A new survey released by Harris Interactive Market Research reveals major changes are on the way for real estate professionals as the face of their customer base is poised to change.
"Home Buying Among Ethnic Groups" surveyed the attitudes and expectations of four ethnic groups: Hispanics, whites, blacks and Asians. The extensive survey -- which included questions from more than 4,000 people, was funded by the world-renowned Real Estate Center at Texas A&M University. It was released May 26, 2004.
Some of the highlights include:
- Forty-eight percent of Hispanics who do not own a home say that they are likely to purchase a home in the next two or three years and that they prefer or need to work with an agent who speaks their own language when engaged in real estate dealings.
- Blacks are more likely to view all aspects of the home-buying process as easy. Of all the ethnic groups surveyed, they hold the highest opinions of real estate agents -- and are more likely to want to negotiate the sales commission when it comes to selling their home.
- Asians currently own the largest and most expensive homes of the ethnic groups surveyed. Meanwhile, they are more likely to purchase new construction over resales, as well.
- There weren't too many surprises with the whites -- they have the highest rate of current home ownership and the most experience with homeownership and working with real estate agents.
The biggest point I picked up from the survey is the opportunity on both the consumer and agent side of the growth of the Hispanic market. According to the U.S. Census, by 2040, the make up of the U.S. population will be 53 percent Anglo and 47 percent non-Anglo. Hispanics recently surpassed blacks as the largest minority group in the United States and if trends continue, will remain in that spot over the next 25 years.
State by state, the growth trend of the Hispanic population is amazing. The Commonwealth of Virginia, for instance, (not necessarily a state known for its large Hispanic population) experienced a gain of more than 169,000 Hispanic residents between 1990 and 2000, according to Census figures. That's an increase of 106 percent in the total Hispanic population in the state. This gain represented 19 percent of the state's total gain of 889,318 residents over that 10-year period.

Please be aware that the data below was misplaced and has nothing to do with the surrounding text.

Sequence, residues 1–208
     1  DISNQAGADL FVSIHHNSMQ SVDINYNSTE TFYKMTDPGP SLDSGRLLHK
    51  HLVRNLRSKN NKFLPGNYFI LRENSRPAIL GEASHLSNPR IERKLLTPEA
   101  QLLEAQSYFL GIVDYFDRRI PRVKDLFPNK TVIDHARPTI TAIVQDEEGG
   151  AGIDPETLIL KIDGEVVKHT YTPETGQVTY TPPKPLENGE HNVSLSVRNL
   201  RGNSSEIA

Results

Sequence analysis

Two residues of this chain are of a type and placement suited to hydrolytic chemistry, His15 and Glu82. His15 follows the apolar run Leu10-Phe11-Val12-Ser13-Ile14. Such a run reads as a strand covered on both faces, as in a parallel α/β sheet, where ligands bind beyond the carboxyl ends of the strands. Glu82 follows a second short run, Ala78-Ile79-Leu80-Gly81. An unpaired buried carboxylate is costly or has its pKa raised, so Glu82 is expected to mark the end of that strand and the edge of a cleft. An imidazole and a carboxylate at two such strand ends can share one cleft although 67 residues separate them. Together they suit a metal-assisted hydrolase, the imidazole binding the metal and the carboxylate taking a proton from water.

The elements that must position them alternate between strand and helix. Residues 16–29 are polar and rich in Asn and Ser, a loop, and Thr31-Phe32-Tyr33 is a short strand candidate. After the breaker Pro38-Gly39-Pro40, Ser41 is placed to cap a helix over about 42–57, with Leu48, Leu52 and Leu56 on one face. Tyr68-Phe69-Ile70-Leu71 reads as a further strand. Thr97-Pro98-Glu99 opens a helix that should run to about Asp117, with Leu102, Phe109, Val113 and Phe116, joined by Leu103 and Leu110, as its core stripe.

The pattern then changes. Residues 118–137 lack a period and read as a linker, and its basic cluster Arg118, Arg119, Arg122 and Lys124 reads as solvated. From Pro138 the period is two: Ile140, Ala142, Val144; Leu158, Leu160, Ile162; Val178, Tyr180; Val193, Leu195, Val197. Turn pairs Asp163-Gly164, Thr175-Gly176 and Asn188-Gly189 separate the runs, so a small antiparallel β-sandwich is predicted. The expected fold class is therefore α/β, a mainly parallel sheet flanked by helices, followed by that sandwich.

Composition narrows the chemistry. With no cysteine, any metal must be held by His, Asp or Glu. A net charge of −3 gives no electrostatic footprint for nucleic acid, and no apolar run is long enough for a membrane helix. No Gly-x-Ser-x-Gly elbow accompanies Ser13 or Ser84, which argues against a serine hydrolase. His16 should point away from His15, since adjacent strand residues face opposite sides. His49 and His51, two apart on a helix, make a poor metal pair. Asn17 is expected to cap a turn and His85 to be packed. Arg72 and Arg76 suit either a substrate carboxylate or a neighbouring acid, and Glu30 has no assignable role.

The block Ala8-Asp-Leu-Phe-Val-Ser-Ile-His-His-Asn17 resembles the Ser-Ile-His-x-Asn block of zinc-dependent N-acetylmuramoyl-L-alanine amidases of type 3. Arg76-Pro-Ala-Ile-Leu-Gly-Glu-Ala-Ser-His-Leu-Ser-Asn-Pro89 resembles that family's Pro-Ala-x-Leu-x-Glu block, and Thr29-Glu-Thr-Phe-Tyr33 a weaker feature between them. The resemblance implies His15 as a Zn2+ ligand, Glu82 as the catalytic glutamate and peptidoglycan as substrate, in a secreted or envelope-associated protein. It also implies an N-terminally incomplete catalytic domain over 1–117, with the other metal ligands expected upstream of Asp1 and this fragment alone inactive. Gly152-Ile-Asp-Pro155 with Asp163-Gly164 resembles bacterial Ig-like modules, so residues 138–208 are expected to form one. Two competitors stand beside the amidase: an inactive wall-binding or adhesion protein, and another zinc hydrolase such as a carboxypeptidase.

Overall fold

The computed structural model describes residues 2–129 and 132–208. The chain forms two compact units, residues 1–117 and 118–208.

"Real estate agents who conduct business in Spanish have an advantage," says Gary Maler, the Real Estate Center's associate director. "Hispanics told researchers that they prefer or need to work with an agent who speaks their own language when engaged in real estate dealings. More than any other ethnic group, Hispanics say they feel uncomfortable handling business transactions in English."
This scenario is the first opportunity available to the industry -- a growing niche market of Spanish-speaking customers. More and more real estate companies and their ancillary business, such as title companies and mortgage companies, are beginning to get the message and print their marketing materials in both English and Spanish. However, they need to move to the next step and start recruiting, training and fielding bilingual agents and employees.
A day will come when members of this ethnic group will expect to walk into a real estate office, request a Spanish-speaking agent -- and get one -- instead of struggling through the buyer and seller interviews with an English-speaking agent using English-only support materials.
The wake up call for many Spanish-speaking customers, however, is that not all materials will be able to be translated into Spanish for their comfort. Many state courts recognize only English documents (contracts) in court, thus the real estate contract will remain in English for the foreseeable future, except in states where the legislature has deemed bilingual documents as acceptable evidence.
The second opportunity is for Spanish-speaking consumers who want to consider a career in real estate -- the market is wide open for those bilingual people who want to come in and create a very profitable niche.
The industry as a whole is starting to recognize the need for multilingual services, not just an interest in Spanish. The California Association of Realtors has a multilingual section on its website, offering consumer information in Chinese, Korean, Vietnamese and Spanish.
For foreign-born consumers wanting an agent who speaks their language, the Virginia Association of Realtors offers a database of Realtors who speak anything from Arabic to Vietnamese (and then some languages I've never heard of). As the prevalence of foreign-born residence grows, more state and local associations are starting to track this type of information for consumers. A list of state and local association websites can be found at www.realtor.com -- scroll down to the bottom of the page for more information on associations.